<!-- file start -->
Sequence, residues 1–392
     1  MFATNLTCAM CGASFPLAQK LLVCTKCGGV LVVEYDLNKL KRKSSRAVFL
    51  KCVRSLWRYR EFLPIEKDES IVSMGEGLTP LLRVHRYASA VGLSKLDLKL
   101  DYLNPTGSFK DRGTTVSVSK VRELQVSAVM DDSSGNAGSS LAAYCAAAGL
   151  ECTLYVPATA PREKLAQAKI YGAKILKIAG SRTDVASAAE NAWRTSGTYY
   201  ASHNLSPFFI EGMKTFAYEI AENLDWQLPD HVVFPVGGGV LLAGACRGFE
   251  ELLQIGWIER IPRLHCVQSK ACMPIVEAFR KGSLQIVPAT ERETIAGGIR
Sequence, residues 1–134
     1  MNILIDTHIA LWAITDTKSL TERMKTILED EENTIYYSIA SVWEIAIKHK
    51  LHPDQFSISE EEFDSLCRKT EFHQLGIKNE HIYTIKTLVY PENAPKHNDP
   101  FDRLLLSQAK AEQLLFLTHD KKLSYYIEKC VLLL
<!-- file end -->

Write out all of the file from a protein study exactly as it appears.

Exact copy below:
Sequence, residues 1–392
     1  MFATNLTCAM CGASFPLAQK LLVCTKCGGV LVVEYDLNKL KRKSSRAVFL
    51  KCVRSLWRYR EFLPIEKDES IVSMGEGLTP LLRVHRYASA VGLSKLDLKL
   101  DYLNPTGSFK DRGTTVSVSK VRELQVSAVM DDSSGNAGSS LAAYCAAAGL
   151  ECTLYVPATA PREKLAQAKI YGAKILKIAG SRTDVASAAE NAWRTSGTYY
   201  ASHNLSPFFI EGMKTFAYEI AENLDWQLPD HVVFPVGGGV LLAGACRGFE
   251  ELLQIGWIER IPRLHCVQSK ACMPIVEAFR KGSLQIVPAT ERETIAGGIR
Sequence, residues 1–134
     1  MNILIDTHIA LWAITDTKSL TERMKTILED EENTIYYSIA SVWEIAIKHK
    51  LHPDQFSISE EEFDSLCRKT EFHQLGIKNE HIYTIKTLVY PENAPKHNDP
   101  FDRLLLSQAK AEQLLFLTHD KKLSYYIEKC VLLL